Last year, National League teams hit their pitchers eighth 11.3 percent of the time; this year, that's up to 17.6 percent. Here's an interesting thing related to that: Joe Maddon was responsible for more than half the total figure last season, as he hit his pitcher eighth in 140 games, but he hasn't done so at all this season. For whatever reason, after batting the pitcher eighth all season, Maddon started doing so less frequently at the end of the season, and in the postseason he batted Jake Arrieta and Jon Lester ninth and the other starters eighth. So far in 2016, the non-Maddon managers have increased their pitcher-bats-eighth rate from 5.9 percent to 17.6 percent. Terry Collins dabbled in this last year but also hasn't done so in 2016.

One of the converts has been Giants manager Bruce Bochy. He hit his pitcher eighth once last year but did so 16 times in his team's first 23 games this year. Of the seven times Bochy hit his pitcher ninth, five came in games Buster Posey didn't start.

"Overall, I think it's worked out a little better than I expected," Bochy said a few days ago. "There have been moments in the game where it's come up, and you say, 'Well, we would have been better served with the pitcher batting ninth,' which is going to happen. Overall, it's gone well. If it hadn't, I would switch."

The Diamondbacks have hit their pitcher eighth in 10 games but only once in their past dozen, when Zack Greinke batted eighth, so it's possible Chip Hale has already largely abandoned the practice. Reds manager Bryan Price batted the pitcher eighth 57 times last year and has done so 11 times so far in 2016, all with Billy Hamilton hitting ninth (though Hamilton has also hit leadoff four times).

One problem, as Joe Sheehan recently pointed out, is that managers aren't always maximizing their run-scoring potential when they do this. A primary reason for the practice is to move a better hitter into the No. 2 spot in the lineup, where he'll not only potentially get an extra plate appearance but also have similar RBI opportunities to if he were batting third. But in the Reds' case, Joey Votto continues to bat third.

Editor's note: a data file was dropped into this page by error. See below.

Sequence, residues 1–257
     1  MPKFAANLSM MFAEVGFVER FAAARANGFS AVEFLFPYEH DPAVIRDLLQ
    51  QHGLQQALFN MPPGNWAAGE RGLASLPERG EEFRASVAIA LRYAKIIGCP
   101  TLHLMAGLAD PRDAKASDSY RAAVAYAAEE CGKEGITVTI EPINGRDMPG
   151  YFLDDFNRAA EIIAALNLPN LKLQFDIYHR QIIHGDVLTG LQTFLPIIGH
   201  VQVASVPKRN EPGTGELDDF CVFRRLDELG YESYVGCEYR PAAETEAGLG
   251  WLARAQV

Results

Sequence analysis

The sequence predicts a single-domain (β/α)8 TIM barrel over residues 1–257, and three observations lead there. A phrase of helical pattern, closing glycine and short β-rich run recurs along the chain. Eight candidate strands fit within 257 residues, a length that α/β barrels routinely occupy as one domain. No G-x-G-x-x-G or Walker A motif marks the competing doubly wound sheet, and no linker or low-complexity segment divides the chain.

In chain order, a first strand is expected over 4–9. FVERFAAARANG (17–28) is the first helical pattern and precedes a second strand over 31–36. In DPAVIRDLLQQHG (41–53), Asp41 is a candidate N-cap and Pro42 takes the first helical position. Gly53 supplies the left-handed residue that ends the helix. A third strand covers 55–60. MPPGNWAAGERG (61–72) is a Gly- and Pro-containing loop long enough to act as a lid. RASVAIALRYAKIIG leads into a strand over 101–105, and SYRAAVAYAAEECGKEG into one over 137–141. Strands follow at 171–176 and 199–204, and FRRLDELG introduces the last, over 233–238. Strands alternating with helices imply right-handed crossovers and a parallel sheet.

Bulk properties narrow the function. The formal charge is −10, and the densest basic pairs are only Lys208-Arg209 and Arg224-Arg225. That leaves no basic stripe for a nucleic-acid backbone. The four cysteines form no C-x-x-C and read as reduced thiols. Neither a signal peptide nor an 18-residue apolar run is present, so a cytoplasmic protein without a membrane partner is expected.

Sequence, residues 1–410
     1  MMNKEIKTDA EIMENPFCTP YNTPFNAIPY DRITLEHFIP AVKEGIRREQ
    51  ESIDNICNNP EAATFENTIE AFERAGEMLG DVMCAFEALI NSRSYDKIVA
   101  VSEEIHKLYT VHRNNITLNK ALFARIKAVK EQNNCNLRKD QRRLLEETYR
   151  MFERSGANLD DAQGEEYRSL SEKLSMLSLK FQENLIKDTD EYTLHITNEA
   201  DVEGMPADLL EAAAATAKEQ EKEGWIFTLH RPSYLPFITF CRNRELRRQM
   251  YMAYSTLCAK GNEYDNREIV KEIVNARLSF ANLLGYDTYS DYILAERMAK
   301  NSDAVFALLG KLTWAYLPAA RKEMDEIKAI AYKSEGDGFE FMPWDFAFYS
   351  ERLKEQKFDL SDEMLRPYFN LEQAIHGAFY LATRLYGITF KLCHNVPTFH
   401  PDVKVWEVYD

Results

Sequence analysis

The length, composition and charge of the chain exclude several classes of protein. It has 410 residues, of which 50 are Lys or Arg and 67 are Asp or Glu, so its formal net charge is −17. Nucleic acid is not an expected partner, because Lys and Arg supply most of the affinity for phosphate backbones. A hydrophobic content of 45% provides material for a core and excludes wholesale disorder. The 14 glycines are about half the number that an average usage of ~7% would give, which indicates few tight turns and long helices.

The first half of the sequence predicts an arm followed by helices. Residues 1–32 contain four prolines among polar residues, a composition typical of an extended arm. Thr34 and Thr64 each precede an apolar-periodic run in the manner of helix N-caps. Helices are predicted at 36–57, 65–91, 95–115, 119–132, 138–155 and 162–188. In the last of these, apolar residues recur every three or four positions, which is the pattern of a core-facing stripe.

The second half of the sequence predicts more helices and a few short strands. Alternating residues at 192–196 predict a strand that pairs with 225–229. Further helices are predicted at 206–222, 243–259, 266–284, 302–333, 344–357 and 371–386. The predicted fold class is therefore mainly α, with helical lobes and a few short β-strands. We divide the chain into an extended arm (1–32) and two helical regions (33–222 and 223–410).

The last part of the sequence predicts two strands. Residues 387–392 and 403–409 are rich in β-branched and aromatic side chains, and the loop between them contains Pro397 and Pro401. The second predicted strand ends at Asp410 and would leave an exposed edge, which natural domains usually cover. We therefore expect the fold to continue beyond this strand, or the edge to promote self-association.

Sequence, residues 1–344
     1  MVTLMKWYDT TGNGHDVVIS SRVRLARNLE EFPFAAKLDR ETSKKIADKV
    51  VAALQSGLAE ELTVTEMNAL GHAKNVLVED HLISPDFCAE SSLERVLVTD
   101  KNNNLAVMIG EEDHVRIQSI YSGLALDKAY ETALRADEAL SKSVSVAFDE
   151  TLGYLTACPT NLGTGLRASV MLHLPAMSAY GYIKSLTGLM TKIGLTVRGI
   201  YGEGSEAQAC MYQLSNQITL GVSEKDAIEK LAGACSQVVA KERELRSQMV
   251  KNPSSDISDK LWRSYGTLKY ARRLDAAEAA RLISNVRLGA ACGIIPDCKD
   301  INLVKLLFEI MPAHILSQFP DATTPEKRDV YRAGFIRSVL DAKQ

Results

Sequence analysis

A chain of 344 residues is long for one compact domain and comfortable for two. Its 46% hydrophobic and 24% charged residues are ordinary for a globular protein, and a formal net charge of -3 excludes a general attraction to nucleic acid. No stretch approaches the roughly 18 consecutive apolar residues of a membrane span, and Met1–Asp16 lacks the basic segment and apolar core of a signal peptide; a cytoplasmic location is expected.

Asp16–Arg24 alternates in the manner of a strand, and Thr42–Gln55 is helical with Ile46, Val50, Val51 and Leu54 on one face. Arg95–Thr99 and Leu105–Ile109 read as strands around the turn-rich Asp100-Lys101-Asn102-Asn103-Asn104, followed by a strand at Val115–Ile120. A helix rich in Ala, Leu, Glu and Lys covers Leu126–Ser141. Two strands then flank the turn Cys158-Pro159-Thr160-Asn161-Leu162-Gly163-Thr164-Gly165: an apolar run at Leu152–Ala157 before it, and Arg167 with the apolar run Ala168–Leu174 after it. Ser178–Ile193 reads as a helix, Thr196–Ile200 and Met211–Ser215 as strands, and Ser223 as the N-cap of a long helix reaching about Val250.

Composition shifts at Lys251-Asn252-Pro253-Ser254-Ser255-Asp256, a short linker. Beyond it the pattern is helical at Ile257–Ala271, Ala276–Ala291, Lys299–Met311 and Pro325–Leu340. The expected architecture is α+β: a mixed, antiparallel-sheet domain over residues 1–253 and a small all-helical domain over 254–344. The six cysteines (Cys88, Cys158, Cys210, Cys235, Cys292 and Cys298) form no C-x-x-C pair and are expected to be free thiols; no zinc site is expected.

As Joe wrote,

Batting the pitcher eighth isn't a standalone move. Rather, it's a piece of the overall puzzle. You don't bat the pitcher eighth because you really want that .350 OPS coming up earlier; you bat the pitcher eighth because it enables you to bat your best hitters higher in the order while keeping them away from the pitcher. The pitcher-eighth move goes hand-in-hand with batting your best hitter second -- best practice in lineup assembly.

Shifts are up ... way up

At the rate we're going, soon shifts will no longer be mentioned on telecasts. Announcers might have to say, "The defense is playing old-school." Shifts are up about 50 percent from last season. The Mariners, with a new front office and new manager, have gone from 24th in shifts to eighth. The Brewers, with a new GM, have climbed from 18th to third. The Nationals have gone from 30th to 22nd. What's interesting is that the shift hasn't actually affected the overall batting average on balls in play:

2011: .295

2012: .297

2013: .297

2014: .299

2015: .299

2016: .297

Maybe Joe Girardi shouldn't worry so much about these shifts. (This doesn't mean shifts don't work (they do). It means players are hitting the ball harder when they make contact to balance out the hits lost to shifts.)

It's early on all this. We can be confident about the shifting, of course. But the pitcher hitting eighth is more in the fad phase than rule of thumb. I'm not confident the AL will continue to score so few runs, and let's see what happens with the strike zone.

Back to your games.